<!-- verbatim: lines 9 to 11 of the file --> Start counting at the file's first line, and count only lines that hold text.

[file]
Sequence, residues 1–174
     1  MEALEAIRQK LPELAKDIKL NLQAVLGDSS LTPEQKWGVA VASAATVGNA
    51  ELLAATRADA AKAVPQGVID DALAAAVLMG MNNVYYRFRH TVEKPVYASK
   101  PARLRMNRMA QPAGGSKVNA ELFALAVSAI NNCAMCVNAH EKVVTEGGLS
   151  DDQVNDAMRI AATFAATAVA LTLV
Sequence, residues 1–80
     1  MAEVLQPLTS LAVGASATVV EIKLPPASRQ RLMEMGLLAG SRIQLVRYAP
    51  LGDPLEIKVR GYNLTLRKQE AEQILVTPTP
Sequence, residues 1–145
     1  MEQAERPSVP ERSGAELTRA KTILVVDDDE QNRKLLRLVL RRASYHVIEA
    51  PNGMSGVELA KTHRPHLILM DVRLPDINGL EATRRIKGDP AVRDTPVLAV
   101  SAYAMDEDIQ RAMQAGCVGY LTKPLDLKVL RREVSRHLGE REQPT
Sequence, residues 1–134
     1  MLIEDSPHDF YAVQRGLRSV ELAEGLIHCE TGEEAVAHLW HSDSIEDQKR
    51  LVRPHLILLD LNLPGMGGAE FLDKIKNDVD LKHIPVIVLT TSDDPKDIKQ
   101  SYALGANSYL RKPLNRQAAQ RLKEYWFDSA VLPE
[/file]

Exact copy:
Sequence, residues 1–145
     1  MEQAERPSVP ERSGAELTRA KTILVVDDDE QNRKLLRLVL RRASYHVIEA
    51  PNGMSGVELA KTHRPHLILM DVRLPDINGL EATRRIKGDP AVRDTPVLAV